A new study, published in Alimentary Pharmacology & Therapeutic, confirms that probiotics, at least those of Bifidobacterium animalis, can actually help to treat colic in newborns.
According to the researchers, the probiotic Bifidobacterium animalis subsp. Lactis BB-12 reduced daily crying by more than 50% in 80% of the 40 newborns tested. During the experimental phase, the latter received the probiotic once a day for 28 days. There were also positive effects in terms of sleep duration and stool frequency and consistency. Comparisons were made by the researchers with 40 other children who received placebo substances.
According to the researchers, the probiotic had a positive effect on the intestinal microbiome; in particular, it increased the bacterial production of butyrate, a short-chain fatty acid that can regulate the time related to intestinal transit as well as the perception of pain and in general phenomena related to the relationship between the intestine and the brain.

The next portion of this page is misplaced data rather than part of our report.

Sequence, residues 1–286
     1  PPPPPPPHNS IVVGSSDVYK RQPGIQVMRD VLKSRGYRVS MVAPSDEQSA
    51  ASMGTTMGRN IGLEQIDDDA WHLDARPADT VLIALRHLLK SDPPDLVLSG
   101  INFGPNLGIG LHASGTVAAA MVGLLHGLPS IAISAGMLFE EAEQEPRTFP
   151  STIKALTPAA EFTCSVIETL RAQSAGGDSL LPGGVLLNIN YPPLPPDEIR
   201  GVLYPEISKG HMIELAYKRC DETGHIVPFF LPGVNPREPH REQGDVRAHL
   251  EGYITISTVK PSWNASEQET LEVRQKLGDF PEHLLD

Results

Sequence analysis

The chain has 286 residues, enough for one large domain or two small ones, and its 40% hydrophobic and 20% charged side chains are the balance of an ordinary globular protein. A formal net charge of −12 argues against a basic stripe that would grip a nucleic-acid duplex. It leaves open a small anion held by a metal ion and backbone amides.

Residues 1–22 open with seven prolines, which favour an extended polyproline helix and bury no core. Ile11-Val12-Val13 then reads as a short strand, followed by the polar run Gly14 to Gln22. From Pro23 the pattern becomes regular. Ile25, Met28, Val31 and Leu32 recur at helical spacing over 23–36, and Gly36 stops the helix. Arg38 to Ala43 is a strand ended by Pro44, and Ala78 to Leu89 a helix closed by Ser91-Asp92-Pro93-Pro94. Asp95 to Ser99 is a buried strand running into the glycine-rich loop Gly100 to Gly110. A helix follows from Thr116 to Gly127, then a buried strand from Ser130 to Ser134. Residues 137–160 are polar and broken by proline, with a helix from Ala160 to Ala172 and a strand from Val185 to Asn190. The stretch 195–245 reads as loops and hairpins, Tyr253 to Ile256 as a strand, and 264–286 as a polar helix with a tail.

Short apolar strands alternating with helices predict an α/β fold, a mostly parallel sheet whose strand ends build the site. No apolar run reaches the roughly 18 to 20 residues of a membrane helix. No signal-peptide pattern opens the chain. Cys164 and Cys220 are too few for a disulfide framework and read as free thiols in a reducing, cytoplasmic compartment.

“It is important to emphasize that this study studied a specific well-characterized probiotic strain and that these results cannot be extrapolated to other probiotic strains,” reports Roberto Berni Canani, senior author of the study and researcher at the University Federico II of Naples.
As the press release presenting the research also specifies, childhood colic is a fairly common gastrointestinal disorder that can affect up to one in four children, particularly during the first three months of life. It is not a malignant condition but can be a source of discomfort for the child himself and therefore also for families.